Unlike the Dears, some RVers truly make mobile home travel a lifestyle. They sell the house and their belonging and hit the road. They travel the country and make themselves at home where and when the spirit moves them.
The Dears have not chosen to pursue that life. Betty explains, “We like having roots.” For this reason as well as being business owners they have not committed to the full-time RV lifestyle. But I didn’t get the sense that they intend to give up RV travel anytime soon.
Some RVers, including the Dears use their mobile home when visiting their grown children who now live in different states. This can offer a family time together but provides privacy without staying in a nearby hotel. This allows people to spend more time with their families than perhaps they normally would because they don’t feel as if they are imposing.
In the case of Barbara Elaine Singer, author of Living Without Reservations, an RV trip as an adult with her father changed her life. Singer says, “When I was 44 years old, I drove from Pennsylvania to Alaska and back with my 70-year old Dad. Just the two of us. I had not spent much time with my Dad since college when I moved out of state. I was going through some major life changes and needed a break. It was a great bonding experience and a [sic] learned how my Dad’s life decisions played out for him and that I was going to choose a different path much younger in life. Waiting for retirement to travel/live was not for me.”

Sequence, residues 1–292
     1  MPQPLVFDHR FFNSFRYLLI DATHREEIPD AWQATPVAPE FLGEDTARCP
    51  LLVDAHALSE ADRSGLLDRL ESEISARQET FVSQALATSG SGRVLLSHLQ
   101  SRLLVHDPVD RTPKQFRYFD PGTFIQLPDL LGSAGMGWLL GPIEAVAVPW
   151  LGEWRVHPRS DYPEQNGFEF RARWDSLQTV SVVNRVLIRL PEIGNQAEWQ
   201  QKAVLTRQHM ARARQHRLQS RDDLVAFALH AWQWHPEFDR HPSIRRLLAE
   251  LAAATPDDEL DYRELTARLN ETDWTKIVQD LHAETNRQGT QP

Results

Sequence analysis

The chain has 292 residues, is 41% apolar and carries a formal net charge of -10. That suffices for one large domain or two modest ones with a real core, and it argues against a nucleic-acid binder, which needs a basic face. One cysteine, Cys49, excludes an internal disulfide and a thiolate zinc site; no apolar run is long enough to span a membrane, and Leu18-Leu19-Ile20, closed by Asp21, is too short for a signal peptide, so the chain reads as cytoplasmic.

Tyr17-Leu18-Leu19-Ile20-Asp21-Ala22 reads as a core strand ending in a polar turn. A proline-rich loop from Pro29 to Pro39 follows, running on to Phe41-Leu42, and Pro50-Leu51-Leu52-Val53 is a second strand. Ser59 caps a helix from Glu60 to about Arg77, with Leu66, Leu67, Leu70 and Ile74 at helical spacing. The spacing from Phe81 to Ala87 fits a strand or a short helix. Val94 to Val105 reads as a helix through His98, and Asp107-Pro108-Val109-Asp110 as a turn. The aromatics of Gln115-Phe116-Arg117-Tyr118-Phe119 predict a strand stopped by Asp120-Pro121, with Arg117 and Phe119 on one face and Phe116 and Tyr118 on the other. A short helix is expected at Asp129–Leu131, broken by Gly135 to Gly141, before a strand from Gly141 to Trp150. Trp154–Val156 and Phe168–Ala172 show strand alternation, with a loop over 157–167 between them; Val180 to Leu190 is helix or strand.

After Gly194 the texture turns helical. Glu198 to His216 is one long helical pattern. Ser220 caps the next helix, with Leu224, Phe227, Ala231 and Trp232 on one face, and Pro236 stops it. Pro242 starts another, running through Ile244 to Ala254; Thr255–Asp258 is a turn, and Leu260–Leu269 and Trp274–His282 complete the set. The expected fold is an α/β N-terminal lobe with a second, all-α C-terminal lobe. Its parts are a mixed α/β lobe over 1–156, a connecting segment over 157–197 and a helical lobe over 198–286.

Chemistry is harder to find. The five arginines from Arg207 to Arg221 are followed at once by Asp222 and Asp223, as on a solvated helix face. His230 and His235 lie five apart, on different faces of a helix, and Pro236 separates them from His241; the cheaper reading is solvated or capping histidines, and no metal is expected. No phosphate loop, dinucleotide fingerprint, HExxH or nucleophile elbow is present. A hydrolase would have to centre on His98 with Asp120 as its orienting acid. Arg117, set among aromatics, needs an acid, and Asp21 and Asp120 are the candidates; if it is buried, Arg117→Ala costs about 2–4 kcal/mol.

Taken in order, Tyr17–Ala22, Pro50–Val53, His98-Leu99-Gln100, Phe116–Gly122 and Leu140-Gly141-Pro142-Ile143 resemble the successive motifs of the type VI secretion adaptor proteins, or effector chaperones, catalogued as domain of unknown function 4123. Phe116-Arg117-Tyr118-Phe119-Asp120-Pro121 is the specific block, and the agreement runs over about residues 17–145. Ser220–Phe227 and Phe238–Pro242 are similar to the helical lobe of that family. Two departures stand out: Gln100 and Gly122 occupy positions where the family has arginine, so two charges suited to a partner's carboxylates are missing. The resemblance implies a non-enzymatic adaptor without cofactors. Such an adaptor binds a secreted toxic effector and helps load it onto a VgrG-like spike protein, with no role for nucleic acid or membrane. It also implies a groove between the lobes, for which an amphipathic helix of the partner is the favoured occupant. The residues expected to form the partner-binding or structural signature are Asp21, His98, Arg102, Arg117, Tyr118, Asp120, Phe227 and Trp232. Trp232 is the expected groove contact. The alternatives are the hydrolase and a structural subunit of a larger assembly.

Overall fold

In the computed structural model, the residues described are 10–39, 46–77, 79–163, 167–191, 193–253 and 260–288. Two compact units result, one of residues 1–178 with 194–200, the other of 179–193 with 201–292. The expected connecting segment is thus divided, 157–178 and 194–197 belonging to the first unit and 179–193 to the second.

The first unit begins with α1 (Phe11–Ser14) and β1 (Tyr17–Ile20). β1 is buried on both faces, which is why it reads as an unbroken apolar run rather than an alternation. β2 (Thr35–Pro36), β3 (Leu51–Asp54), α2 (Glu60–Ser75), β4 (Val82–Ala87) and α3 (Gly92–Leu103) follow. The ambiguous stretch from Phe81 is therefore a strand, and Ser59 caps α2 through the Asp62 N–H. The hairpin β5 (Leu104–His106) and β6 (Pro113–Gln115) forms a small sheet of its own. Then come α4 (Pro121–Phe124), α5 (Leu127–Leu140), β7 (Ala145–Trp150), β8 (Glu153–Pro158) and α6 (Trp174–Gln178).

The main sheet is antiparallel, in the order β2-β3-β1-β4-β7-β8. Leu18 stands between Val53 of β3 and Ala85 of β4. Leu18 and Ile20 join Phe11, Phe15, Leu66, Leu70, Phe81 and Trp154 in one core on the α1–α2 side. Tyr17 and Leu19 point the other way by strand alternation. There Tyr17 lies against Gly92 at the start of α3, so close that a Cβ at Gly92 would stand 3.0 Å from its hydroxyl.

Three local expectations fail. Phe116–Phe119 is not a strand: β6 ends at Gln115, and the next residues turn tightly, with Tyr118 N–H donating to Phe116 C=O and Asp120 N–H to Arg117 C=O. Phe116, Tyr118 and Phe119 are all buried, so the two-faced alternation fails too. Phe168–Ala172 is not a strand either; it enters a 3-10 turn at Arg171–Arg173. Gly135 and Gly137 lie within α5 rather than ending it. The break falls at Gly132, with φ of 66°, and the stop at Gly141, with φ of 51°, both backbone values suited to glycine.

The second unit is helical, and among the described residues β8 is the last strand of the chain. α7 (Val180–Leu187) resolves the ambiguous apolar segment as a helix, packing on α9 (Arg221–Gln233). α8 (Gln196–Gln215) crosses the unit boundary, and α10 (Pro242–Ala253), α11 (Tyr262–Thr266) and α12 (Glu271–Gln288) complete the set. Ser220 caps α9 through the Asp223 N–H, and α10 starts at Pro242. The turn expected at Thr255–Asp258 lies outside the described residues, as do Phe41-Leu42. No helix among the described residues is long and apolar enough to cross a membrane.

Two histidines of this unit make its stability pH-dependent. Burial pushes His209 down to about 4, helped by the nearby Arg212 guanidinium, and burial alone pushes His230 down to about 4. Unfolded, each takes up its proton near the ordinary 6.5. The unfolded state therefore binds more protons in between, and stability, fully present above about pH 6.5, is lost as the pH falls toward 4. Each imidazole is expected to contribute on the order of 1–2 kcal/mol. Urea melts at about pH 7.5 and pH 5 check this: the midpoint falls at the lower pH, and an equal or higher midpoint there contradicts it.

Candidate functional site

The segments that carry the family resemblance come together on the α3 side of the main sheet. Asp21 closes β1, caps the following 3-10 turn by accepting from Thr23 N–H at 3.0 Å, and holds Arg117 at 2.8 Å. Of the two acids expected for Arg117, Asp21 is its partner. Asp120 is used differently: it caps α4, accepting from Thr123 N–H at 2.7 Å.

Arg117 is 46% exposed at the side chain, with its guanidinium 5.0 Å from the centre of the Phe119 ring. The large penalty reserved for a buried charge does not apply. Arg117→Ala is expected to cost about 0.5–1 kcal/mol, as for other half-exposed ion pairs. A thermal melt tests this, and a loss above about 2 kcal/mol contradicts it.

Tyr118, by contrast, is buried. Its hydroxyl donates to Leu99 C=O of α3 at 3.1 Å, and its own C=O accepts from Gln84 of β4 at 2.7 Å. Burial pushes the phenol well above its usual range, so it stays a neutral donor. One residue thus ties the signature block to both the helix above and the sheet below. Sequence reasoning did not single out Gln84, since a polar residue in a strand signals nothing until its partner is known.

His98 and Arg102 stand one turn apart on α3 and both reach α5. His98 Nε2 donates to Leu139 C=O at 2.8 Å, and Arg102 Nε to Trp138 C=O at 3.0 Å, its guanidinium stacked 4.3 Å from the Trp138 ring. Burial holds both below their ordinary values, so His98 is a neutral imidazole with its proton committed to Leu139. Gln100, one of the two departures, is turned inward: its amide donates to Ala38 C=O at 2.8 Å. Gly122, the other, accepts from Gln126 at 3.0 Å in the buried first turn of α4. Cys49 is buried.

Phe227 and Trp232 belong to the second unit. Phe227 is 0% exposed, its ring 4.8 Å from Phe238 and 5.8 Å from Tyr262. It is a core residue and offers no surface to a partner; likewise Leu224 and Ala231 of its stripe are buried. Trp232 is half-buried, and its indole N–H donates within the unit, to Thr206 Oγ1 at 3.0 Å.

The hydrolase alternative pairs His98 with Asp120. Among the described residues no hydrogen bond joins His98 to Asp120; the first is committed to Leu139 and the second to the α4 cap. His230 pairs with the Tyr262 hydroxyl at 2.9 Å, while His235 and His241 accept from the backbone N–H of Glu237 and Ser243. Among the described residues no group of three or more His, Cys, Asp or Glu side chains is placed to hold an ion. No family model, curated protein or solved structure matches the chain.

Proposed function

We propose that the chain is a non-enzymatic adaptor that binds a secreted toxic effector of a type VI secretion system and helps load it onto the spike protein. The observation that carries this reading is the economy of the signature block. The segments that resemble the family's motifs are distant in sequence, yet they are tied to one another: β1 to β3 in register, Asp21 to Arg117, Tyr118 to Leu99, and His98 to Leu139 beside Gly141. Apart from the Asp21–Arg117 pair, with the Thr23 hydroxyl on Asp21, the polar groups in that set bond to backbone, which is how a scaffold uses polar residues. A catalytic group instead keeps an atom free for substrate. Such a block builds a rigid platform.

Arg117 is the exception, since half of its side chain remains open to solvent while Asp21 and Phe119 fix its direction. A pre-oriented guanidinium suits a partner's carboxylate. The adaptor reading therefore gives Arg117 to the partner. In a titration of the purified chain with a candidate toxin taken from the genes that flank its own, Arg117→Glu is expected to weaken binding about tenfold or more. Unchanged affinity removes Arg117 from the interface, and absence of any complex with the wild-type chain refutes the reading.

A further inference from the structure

I do not know how frequently scenarios like Singer’s play out but hers is a fine example of how RVing can breed opportunities for quality family time at any age.
So, perhaps you are nearly convinced that this mobile home thing is the way to get out there and see the country. Yet, there is still a little voice nagging, “What about Europe, and Africa and Asia?” Well, there is no rule that reads, “Once an Rver, always an RVer.” But with over 16,000 public and privately owned campsites nationwide it could be a while before you run out of places to visit right here in the US.
This is what Paul Seiferth, owner of Terra Travel in Phoenix, AZ has to say about RVing and other travel; “I also own a 36 1/2 foot Pace Arrow Class A RV which we use on weekends to go up to the mountains and to go to San Diego to get out of the heat. We are not full-time yet but plan to be in the future… We do take cruise vacations… and land vacations apart from RVing. Even if when [sic] we go full time, I intend to continue traveling abroad.”
By now you should be just about out of excuses. Why not try it? You do not have to make a commitment. Rent one and hit the road for that great American road trip. Who knows where the path may lead?
Resource Guide to RVing
Go Camping America – GoCampingAmerica.com – Similar to TripAdvsor.com for the Camping / RVing community.
RV.net – RV.net – Offers buyers guides, directories, forum and blogs for RVers.
Trailer Life Directory – Trailerlifedirectory.com – Claims to be “The Ultimate RV Travel Resource.”
Reserve America — reserveamerica.com – Part of Active.com. Offers information on camp locations, maps and gear.
KOA — koa.com – KOA campground’s official website.
Family Motor Coach Association — fmca.com – Provides RVers with recipes, convention and buying information. This site has a community forum and links to other resources.
Camper Trails — campertrails.com – Offers guides, tips, planning information, maps and rental information.
Tripping — Tripping.com – A social networking site that connects travelers with locals. Not RV specific.
Original ran inThe Baby Boomers News 2012. Written By Susan Decoteau-Ferrier.